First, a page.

• An explosion of light as the sun strikes the waters of the Missouri National Recreational River

    Missouri

    National Recreational River SD,NE

Places

Spirit Mound Historic Prairie

Spirit Mound Historic Prairie

NPS Photo

The Missouri River is rich in cultural resources, in places that have a national, regional or local significance. Numerous historic sites and two archeological sites that are listed on the National Register of Historic Places are located in counties along the corridor but outside the park boundary. Three historic sites - listed below - are within the park:

Spirit Mound
Spirit Mound has taken on a variety of cultural meanings that reflect the beliefs of the diverse peoples that make up the American population. It is an important point of contact between the American Indians and Euro-Americans. It exemplifies a sometimes uneasy fusion of these two major cultural traditions. For most people, it is a location associated with the Lewis and Clark Expedition.

For American Indians, Spirit Mound is both physical location and spiritual place, a place of contact between the natural and the supernatural world. The Yankton (Sioux), associate Spirit Mound with the Can O'ti na, Little Tree Dwellers/Little People. Long ago two tribes battled to a stalemate. In Lakota (Sioux) tradition Spirit Mound is the origin point for the Wo'piye Can O'ti la, the Little Tree Dweller's Medicine Bundle.

To learn more about Spirit Mound click here...

Meridian Bridge
The historic structure most readily visible from the river is the Meridian Bridge, Yankton's signature landmark. It is notable as the first permanent river crossing in the Yankton vicinity and as one of the final links in the Meridian Highway, an early north-south route from Winnipeg, Canada, to Mexico City, Mexico. The vertical lift design was a typical period engineering solution to a typical problem of spanning a wide navigable river, and thus did not garner much attention in engineering circles in the 1920s.

The region's population, however, considered it an outstanding highway bridge building accomplishment that greatly improved economic and social connections across the Nebraska and South Dakota border.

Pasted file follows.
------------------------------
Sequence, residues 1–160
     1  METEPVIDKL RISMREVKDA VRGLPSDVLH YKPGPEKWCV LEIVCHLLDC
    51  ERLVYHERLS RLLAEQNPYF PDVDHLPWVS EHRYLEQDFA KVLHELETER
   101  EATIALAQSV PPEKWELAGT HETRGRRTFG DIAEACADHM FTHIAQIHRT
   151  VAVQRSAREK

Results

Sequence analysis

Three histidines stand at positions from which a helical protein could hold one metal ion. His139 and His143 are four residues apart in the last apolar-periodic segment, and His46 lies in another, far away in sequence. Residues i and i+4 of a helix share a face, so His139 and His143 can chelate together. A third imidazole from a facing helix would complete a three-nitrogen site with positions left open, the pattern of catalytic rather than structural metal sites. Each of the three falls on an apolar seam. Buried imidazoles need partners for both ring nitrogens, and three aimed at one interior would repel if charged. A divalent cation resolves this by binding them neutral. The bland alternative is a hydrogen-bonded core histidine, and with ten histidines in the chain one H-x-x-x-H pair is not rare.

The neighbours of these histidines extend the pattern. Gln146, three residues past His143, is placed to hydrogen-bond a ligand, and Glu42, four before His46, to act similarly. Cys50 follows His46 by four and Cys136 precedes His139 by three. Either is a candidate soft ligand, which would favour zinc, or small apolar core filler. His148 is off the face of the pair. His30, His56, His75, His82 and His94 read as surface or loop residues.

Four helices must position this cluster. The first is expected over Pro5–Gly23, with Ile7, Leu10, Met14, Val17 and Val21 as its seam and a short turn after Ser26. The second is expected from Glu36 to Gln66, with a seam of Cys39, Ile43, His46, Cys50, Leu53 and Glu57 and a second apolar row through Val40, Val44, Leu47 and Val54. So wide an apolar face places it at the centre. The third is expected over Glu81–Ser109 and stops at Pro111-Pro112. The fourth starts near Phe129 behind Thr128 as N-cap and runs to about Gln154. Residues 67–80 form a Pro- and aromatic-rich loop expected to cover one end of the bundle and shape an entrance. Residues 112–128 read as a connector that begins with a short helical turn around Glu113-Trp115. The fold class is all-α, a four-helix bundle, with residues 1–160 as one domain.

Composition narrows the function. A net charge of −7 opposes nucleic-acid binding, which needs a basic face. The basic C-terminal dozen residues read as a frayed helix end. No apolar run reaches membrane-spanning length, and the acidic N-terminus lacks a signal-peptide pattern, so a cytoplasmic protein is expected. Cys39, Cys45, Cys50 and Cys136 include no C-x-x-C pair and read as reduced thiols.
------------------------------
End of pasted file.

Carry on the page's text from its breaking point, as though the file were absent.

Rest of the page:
To learn more about the historic Meridian Bridge click here...

Fort Randall
Strategically located on the west or right bank of the Missouri River near the South Dakota-Nebraska border, Fort Randall served as an important outpost on the upper Missouri River for operations against the Sioux in 1863-65 and was one of the chain of forts that surrounded the Sioux country from 1865 to 1876. It served longer as a continuously occupied military post than any other fort on the upper river.

Important visitors to the post included: Buffalo Bill Cody, who stopped on his way to the East with his "Wild West Show." Jim Bridger, the famous mountain man, who appeared as a scout with a visiting survey crew. Renowned Civil War General Phillip Sheridan inspected the post in 1879. Perhaps the most famous inhabitant of Fort Randall was not a soldier but a prisoner: Sitting Bull (Tatanka Iyotake) of the Lakota Sioux is probably best known for his contribution towards the defeat of Col. George Custer at the Battle of Little Big Horn.

To learn more about the history of Fort Randall here...

Yankton Sioux Treaty Monument
This Treaty of 1858 between the Yankton Sioux and the United States
Government provided for the removal of the tribe to a 475,000-acre reservation on the north side of the Missouri River in what is now Charles Mix County. (Charles E. Mix was the commissioner who signed for the federal government.) On July 10, 1859, the Yankton Sioux vacated the ceded lands and moved onto the newly-created reservation. For about eleven and a half million acres, a payment of approximately $1.6 million in annuities was to paid over the next 50 years. Specific provisions of the treaty called for educating the tribe to develop skills in agriculture, industrial arts and homemaking.

To learn how to visit the Treaty Monument click here...

Did You Know?

Prairie Dog

Sergeant John Ordway--not Lewis, not Clark--gave the name "prairie dog" to the animal then new to science. Expedition members discovered it along what is now the 39-mile reach of Missouri National Recreational River. More...